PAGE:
The basic algorithm I’ve implemented is a loop that does:

# calculate spare amps based on how much power is going in to the house battery
spare_amps = 0 - ( house_battery_w / 240 )

# if house battery is fully charged, assume some spare capacity as solar
# generation has probably reduced to match loads
if house_battery_soc > 99.0:
  spare_amps += 5

# Shift EVSE charge rate by how many amps are spare
openevse.set_charge_amps(spare_amps + openevse.get_charge_amps())

There’s a bit more going on in practice e.g constraining the charge amps within what the EVSE can tell the car to do (minimum 6A and maximum 32A) and enabling/disabling the charger, but that’s enough to track solar once active:

Graph of Solar and Load power

The dips are both due to clouds and an intermittent reset from our Fronious inverter. There’s a small delay, but it will track between 6A and 24A in the current config (one component still needs changing out to get 32A).

The OpenEVSE probably can’t meet Australian Standards given the DIY nature, so this is not really a general option for everyone. I’ve also already hit issues with it overheating in the sun causing it to crash. I’ve built a temporary hat for it, but it was overheating on a 25C day and we get some 45C+ days here.

OpenEVSE has its own solar diversion mode that would probably work if I was already using OpenEnergyMonitor. I may still go down this rabbit hole, but as the actual solar tracking is trivial and I already have all the monitoring I want working, it’s a lot of software to learn and I’d still have to write a plugin for the SP Pro or to work with OpenEnergyMonitor myself. In the mean time tracking is done with

Tesla Wall Connector

The Tesla Wall Connector is a fairly capable Type 2 EVSE with the special Tesla button on the plug that opens the charge port. I assumed the button on the plug was pointless convenience as you can just tap the charge port on the car to open it - but because the car latches on to the Type 2 plug, to disconnect I need to click around in the phone app or on the display from the drivers seat and this is more annoying than I’d expected.

I didn’t know if I could control this charger remotely, which is why I went with the OpenEVSE, but after ordering the OpenEVSE, I found - so I’d pick the Tesla Wall Connector in favour of the OpenEVSE for local network control now. This would also allow all power electronics to be AS compliant and installed professionally.

Tesla UMC

The Tesla Universal Mobile Connector (UMC) is an EVSE that comes with the car.

Tesla UMC

The UMC accepts multiple “tails” that in Australia allows it to supply charge from any single phase supply up to 32A.

Tesla UMC Tails

The UMC itself has no way to be told to charge at different rates, but Teslas can be controlled from the app and some of the API is well documented.

This opens up the possibility of having a SaaS product that monitors over the internet and instructs the car directly what rate to charge at with no additional hardware on site. This is also marginally better for power management as the EVSE PWM signal only goes down to 6A, but from the Tesla phone app and in car UI I can drop the rate to 5A.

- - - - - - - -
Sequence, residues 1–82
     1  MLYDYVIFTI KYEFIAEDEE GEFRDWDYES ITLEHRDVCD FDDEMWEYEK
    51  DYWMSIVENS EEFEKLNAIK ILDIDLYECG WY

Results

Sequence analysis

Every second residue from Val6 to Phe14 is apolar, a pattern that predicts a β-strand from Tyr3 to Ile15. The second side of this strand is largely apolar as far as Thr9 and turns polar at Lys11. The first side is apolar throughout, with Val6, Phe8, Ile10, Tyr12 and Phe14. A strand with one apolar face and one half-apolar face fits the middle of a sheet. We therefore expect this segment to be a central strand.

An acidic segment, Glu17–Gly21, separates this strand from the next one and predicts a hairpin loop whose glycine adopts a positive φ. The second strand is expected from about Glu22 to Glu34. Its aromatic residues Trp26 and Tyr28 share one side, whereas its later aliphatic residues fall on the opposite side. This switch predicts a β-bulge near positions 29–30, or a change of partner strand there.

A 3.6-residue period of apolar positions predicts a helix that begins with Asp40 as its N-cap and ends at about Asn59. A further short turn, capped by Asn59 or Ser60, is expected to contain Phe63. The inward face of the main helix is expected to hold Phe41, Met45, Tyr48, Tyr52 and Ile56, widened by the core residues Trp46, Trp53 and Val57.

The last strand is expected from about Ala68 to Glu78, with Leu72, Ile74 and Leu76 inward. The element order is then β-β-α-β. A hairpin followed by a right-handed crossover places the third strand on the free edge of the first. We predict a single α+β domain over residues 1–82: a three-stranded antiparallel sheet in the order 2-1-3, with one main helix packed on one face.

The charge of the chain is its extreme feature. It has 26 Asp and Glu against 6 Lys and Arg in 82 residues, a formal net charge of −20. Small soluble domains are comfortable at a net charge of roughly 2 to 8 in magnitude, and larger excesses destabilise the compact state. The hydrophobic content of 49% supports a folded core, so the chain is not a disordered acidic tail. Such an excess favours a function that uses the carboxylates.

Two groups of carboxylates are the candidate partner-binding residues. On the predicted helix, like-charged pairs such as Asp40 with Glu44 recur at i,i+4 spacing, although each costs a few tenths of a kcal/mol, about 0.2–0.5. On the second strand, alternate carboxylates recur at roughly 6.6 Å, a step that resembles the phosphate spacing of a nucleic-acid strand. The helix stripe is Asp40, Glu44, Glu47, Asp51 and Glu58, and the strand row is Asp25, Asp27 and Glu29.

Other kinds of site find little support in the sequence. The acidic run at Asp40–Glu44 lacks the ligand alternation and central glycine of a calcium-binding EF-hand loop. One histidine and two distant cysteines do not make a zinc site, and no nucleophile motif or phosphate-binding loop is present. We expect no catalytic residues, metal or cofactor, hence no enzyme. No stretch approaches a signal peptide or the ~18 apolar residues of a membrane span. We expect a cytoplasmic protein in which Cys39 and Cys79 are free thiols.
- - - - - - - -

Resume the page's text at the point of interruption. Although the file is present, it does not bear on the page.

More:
The Zappi is an EVSE designed to track grid tie solar and optimise charging. Unfortunately with no grid connection for its CT to monitor, using the Zappi would require something hacky like configuring the SP Pro to switch at least one of its outputs based on say house battery SoC and monitoring multiple windings of a small load with the Zappi’s CT. A very blunt on/off charging profile that’ll never utilise as much solar as more direct monitoring and would work the house battery much harder than desireable.

I did contact myenergi about potentially using their internal API to control it, but their response was not inspiring:

Technically, yes it can work off grid, but not very well. It limits lots of features and isn’t the way the zappi was designed to operate – I wouldn’t advise it. There’s lots of things you’d have to change, it would be very complicated.

The reason for this is because a lot of our safety features and product functions rely on a constant flow of electricity.

There’s no safety or lack of continuous power issue off grid (my power is dramatically more reliable than near by grid connected houses), there’s just a desire to control the PWM signal on the control pilot pin with a little more finesse than their device can manage on its own.

Alternative approaches

Charging doesn’t have to be fully automated. Simply using a timer or even plugging on days when there seems to be enough sun should work well enough if there’s a sufficiently well configured and maintained auto start generator to catch the days when the weather is surprising. Even just configuring an early warning alarm on the house battery SoC and disconnecting the EVSE manually could be an option. Not many off gridders are going to be away from home while their car is at home charging.

In the future?

I’d like to integrate solar forecasting such as Solcast to better decide whether the EV or house battery should be prioritised. The free API is adequate for personal monitoring and the prediction generally seems accurate enough to be trusted.